Calcified Heart Valves Vs. Normal Heart Valves

By Adam Pick on October 18, 2008

Are you like me?

When I was diagnosed with severe heart valve disease, I wanted to learn as much as I could about aortic stenosis (my valve disorder), aortic valve surgery and the recovery from open heart surgery.

Specifically, during my second-opinion with Dr. Chaikin, I learned that my heart valve leaflets had narrowed due to the calcification of my bicuspid aortic valve. As a result, blood flow through my heart was compromised which caused my heart to enlarge. This was a dangerous precursor to congestive heart failure. Although I was asymptomatic, I was not in good health.

 


Calcified Aortic Heart Valve

 

Anyways… I was just doing some research on heart valves when I came across this incredible picture of an aortic valve that suffers from aortic stenosis due to calcification. As many of you enjoy learning about the anatomy of your heart and heart valves, I decided to post the picture (above) for your review. If you look real close, you can see actually the calcium deposits on each of the three heart valve flaps. Pretty interesting, right?

I also thought you might like to see a picture of a normal heart valve. That said, here are two pictures of an aortic valve and a tricuspid valve. These valves do not have any form of disease (calcification, prolapse, infection).

 

 

 

I hope these pictures help you visualize the difference between calcified and normal heart valves.

Keep on tickin!
Adam


Written by Adam Pick
- Patient & Website Founder

Adam Pick is a heart valve patient and author of The Patient's Guide To Heart Valve Surgery. In 2006, Adam founded HeartValveSurgery.com to educate and empower patients. This award-winning website has helped over 10 million people fight heart valve disease. Adam has been featured by the American Heart Association and Medical News Today.

Adam Pick is a heart valve patient and author of The Patient's Guide To Heart Valve Surgery. In 2006, Adam founded HeartValveSurgery.com to educate and empower patients. This award-winning website has helped over 10 million people fight heart valve disease. Adam has been featured by the American Heart Association and Medical News Today.


Becca Allison says on October 18th, 2008 at 9:29 pm

Adam,
This is very interesting. My surgeon told me that my tricuspid aortic valve had two of the three leaves fused together, due to calcium deposits. therefore was not working properly, though I was asymptomatic save for a heart murmur. I asked what could have caused it, and he said he didn’t know (not very reassuring). I want to do everything I can to prevent fusing my new (12 weeks ago) bovine pericardium valve. Any suggestions or info would be appreciated. I am 56 and have recovered very well from the surgery, but needless to say, don’t want to do it again any time soon.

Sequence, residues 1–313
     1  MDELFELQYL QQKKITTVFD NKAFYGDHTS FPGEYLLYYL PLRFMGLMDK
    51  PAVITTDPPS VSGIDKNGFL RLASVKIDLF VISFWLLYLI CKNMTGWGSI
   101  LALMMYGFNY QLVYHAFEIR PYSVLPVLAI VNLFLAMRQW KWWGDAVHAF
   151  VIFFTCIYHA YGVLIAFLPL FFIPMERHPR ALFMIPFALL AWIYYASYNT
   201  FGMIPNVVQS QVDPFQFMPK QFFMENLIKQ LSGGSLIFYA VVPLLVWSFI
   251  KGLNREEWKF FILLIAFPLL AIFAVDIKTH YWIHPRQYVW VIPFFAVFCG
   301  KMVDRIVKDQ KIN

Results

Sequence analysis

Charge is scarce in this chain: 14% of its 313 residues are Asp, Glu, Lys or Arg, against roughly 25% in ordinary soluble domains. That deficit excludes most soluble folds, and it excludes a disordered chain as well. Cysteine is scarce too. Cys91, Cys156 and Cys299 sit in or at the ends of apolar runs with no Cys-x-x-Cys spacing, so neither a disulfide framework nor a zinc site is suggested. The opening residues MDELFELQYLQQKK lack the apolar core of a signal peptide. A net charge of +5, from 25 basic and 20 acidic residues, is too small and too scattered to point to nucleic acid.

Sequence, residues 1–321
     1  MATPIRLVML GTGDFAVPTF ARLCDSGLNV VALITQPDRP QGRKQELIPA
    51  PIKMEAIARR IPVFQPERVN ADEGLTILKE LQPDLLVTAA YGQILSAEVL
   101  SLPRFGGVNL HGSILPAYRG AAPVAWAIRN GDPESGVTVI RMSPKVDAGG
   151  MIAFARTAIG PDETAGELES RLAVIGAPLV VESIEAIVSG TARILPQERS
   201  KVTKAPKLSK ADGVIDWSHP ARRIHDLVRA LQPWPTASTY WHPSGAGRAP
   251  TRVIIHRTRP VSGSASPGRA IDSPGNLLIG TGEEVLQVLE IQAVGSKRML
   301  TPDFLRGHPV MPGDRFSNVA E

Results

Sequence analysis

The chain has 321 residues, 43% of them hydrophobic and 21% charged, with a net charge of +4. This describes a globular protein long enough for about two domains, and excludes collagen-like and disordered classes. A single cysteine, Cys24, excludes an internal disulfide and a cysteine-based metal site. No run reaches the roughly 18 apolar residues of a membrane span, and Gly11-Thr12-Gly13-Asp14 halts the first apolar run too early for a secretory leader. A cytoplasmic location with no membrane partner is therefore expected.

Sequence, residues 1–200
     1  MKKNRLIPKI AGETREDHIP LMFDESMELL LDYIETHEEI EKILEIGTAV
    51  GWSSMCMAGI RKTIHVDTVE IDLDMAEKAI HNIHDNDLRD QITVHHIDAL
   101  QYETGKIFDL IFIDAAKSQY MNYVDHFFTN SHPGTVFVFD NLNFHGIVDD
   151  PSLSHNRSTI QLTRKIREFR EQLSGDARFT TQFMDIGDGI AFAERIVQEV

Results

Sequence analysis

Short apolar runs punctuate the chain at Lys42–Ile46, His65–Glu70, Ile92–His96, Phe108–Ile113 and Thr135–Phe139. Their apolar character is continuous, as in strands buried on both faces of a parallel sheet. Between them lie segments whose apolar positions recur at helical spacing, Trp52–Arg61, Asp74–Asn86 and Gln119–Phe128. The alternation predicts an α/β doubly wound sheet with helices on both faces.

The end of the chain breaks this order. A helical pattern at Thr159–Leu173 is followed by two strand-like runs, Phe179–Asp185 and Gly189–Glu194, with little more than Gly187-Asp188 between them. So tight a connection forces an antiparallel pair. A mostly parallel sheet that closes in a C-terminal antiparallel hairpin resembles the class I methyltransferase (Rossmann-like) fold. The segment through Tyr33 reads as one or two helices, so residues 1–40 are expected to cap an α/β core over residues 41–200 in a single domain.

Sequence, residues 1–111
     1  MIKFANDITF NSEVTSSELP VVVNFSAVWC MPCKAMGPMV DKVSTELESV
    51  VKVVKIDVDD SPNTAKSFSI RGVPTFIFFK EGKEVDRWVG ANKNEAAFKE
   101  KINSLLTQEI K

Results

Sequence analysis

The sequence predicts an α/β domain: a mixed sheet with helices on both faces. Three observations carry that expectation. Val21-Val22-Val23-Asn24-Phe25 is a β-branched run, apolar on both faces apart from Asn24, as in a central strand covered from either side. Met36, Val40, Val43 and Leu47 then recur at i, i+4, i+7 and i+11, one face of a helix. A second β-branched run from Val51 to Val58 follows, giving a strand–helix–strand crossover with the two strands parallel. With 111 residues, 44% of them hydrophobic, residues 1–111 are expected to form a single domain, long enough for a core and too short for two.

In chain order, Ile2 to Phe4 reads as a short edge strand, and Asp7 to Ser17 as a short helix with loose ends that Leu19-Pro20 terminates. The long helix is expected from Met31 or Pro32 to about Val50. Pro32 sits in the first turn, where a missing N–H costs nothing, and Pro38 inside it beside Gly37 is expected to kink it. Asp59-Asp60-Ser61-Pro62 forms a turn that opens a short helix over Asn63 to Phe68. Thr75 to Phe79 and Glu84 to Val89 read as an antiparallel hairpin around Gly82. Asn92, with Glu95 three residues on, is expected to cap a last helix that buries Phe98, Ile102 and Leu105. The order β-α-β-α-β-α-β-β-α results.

Becca



helen holmes says on June 19th, 2009 at 10:43 pm

The Mayo Clinic several years ago started a heavy study of calcium in the wrong places of our bodies and they very much want to know if say kidney stones or dental problems are in any way linked by these nasty calcium problems. The woman running the study is Dr.
Virginia Miller and maybe you would like to check with her for more recent news. It just amazes me that every single thing wrong with me has an element of calcium involved. No one can tell me it isn’t systemic at least in my case. But still the question is WHY?



jean m harris says on September 23rd, 2010 at 9:04 pm

I had bovine valve placed in my heart on Aug 29 2002 at UCDavis in Sacramento, CA. I am 84 years old. Fit as a fiddle, and wondering how long my valve will last. Last stress test, excellent, and all blood work excellent. Need to take Simvastatin for colesterol even though only 99. I had one CBG during surgery, 80% clogged. wouldl not have had to have that if they were not already in the middle of the surgery. They used veins from my Thigh. I now understand if i should live so long to need a replacement, it would not be invasive as before. No chest cracking, but going up the legs, as they did to put stents in my new husbands arteries, after a heart attach. That is good news, as I am planning to live to at least 104. My mom made it to 93 with no problem with our mutual heart murmmer, from birth.
I certainly enjoyed finding your site and reading your articles, I will put it on my favorites for sure. Jean m Harris


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